#3 1981 Clemson 13 Georgia 3
Clemson opened the 1981 season with two rather average wins against Wofford and Tulane. Meanwhile, the defending National Champion Georgia Bulldogs entered Death Valley with a #4 national ranking and Heisman Trophy winner Hershel Walker at running back.

Clemson broke out the orange pants for the 2nd time in history and then proceeded to force a mind boggling 9 Georgia turnovers en route to the 13-3 win. Hershel Walker was held out of the endzone by the Tiger defense and the loss was Walker’s only regular season defeat as a Bulldog. It was also the highest ranked win for the Tigers in Death Valley to that point; a stat that would stand for 23 years before Clemson’s 2003 win over #3 ranked Florida State removed it from the record books.In addition, this game also served as the spring board for national recognition for the Tigers, who entered the polls the week after the win.

Three months later, Clemson would defeat Nebraska 22-15 to complete a perfect 12-0 season to win the National Championship.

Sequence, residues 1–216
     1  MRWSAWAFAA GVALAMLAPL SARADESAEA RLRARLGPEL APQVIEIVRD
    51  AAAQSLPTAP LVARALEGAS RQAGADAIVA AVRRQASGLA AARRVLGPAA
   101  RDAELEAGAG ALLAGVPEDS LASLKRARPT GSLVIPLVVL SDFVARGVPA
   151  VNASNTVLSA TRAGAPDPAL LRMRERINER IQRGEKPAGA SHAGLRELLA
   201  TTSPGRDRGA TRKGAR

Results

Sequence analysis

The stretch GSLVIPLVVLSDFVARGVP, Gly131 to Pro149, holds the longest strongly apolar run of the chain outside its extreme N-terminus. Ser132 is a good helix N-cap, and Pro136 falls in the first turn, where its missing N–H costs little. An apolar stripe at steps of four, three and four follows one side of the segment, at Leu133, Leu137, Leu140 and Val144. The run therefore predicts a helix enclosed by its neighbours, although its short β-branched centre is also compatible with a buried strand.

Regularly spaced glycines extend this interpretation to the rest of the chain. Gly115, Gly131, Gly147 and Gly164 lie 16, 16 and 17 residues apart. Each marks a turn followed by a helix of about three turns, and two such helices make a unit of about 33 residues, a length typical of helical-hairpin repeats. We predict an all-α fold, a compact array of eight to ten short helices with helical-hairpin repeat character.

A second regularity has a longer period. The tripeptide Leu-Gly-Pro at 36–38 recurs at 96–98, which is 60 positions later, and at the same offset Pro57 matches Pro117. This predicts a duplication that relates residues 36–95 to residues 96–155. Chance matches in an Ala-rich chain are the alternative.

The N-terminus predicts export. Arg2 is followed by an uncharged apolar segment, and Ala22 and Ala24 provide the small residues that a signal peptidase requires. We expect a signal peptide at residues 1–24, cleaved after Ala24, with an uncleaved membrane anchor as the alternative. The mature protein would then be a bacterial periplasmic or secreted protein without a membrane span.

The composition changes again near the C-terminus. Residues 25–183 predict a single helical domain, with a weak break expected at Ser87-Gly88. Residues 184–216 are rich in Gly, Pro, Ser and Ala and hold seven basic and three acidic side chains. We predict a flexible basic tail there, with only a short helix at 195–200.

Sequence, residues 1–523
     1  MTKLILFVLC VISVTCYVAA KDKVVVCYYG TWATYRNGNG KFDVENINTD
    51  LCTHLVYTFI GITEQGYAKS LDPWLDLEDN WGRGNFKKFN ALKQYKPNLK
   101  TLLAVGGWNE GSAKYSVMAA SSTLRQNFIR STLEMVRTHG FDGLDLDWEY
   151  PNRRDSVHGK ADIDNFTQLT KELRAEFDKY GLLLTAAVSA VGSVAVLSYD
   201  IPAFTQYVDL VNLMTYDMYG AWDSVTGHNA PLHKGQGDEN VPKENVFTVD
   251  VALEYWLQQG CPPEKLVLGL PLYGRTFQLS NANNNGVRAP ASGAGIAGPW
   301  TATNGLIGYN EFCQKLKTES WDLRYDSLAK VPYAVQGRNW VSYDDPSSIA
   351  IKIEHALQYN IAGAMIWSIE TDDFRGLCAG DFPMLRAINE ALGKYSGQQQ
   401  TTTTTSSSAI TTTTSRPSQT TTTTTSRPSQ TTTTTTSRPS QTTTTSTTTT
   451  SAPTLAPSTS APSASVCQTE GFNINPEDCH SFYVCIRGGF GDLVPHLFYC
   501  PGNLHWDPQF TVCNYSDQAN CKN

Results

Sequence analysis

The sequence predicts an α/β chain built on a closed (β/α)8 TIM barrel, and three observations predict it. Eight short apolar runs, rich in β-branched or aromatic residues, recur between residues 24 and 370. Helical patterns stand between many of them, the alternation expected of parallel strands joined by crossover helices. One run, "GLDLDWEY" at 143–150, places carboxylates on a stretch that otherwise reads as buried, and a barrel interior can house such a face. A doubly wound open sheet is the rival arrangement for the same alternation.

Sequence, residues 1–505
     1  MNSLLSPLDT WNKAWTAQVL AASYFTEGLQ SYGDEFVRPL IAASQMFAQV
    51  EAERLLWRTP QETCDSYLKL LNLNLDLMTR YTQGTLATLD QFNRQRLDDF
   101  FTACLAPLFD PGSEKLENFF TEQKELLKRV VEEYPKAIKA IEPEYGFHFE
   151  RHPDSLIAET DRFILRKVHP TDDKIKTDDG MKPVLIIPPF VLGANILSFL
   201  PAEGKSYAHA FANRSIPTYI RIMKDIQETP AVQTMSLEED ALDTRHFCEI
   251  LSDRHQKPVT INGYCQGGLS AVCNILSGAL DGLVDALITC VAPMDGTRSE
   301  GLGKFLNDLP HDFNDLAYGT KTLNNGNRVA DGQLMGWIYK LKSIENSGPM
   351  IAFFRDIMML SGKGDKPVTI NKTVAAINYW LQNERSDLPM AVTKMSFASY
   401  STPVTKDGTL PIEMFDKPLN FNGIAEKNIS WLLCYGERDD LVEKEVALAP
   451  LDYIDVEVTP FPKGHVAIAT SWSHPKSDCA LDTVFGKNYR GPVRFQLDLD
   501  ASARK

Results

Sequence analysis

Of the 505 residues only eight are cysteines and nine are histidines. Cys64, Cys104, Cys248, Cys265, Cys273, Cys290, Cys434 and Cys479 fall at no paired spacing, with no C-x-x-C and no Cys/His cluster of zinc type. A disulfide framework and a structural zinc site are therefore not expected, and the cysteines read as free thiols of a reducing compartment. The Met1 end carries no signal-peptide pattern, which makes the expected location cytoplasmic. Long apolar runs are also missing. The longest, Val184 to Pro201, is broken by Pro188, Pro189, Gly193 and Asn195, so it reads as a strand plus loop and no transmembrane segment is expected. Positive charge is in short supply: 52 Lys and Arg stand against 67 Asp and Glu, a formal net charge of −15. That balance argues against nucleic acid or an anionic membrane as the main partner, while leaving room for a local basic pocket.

#2 1980 Clemson 27 South Carolina 6
Up until November 22nd, the 1980 football season had been unremarkable at best. Clemson entered the annual showdown with the Gamecocks at 5-5 on the year and the Tigers had only beaten one team that year that would end up with a winning record (Virginia Tech). Clemson also entered the game with its young coach, Danny Ford, squarely on the hot seat from fans that were disappointed in the season to that point.

South Carolina came to Clemson that day with the eventual Heisman Trophy winner (George Rogers), a #14 national ranking, and a Gator Bowl bid already in hand. In a precursor to the problems another Heisman Trophy winner (Hershel Walker) would have in Death Valley, Rogers was completely shutdown and never reached the endzone.Willie Underwood, who had played his entire career at Clemson without an interception, picked off two on this day and returned one of them for a touchdown as the Tigers cruised to a 27-6 win.

Underwood would receive the Sports Illustrated National Defensive Player of the Week for his performance against the Gamecocks.The story of the day, however, was Coach Ford’s decision to break out the orange pants that electrified the Clemson crowd when the Tigers came down the hill. Clemson, who warmed up in white pants, made the switch in the locker room before boarding the buses to the hill. Many regard the 1980 win over South Carolina the springboard to the National Championship run the Tigers would put together the next fall.

#1 2003 Clemson 26 Florida State 10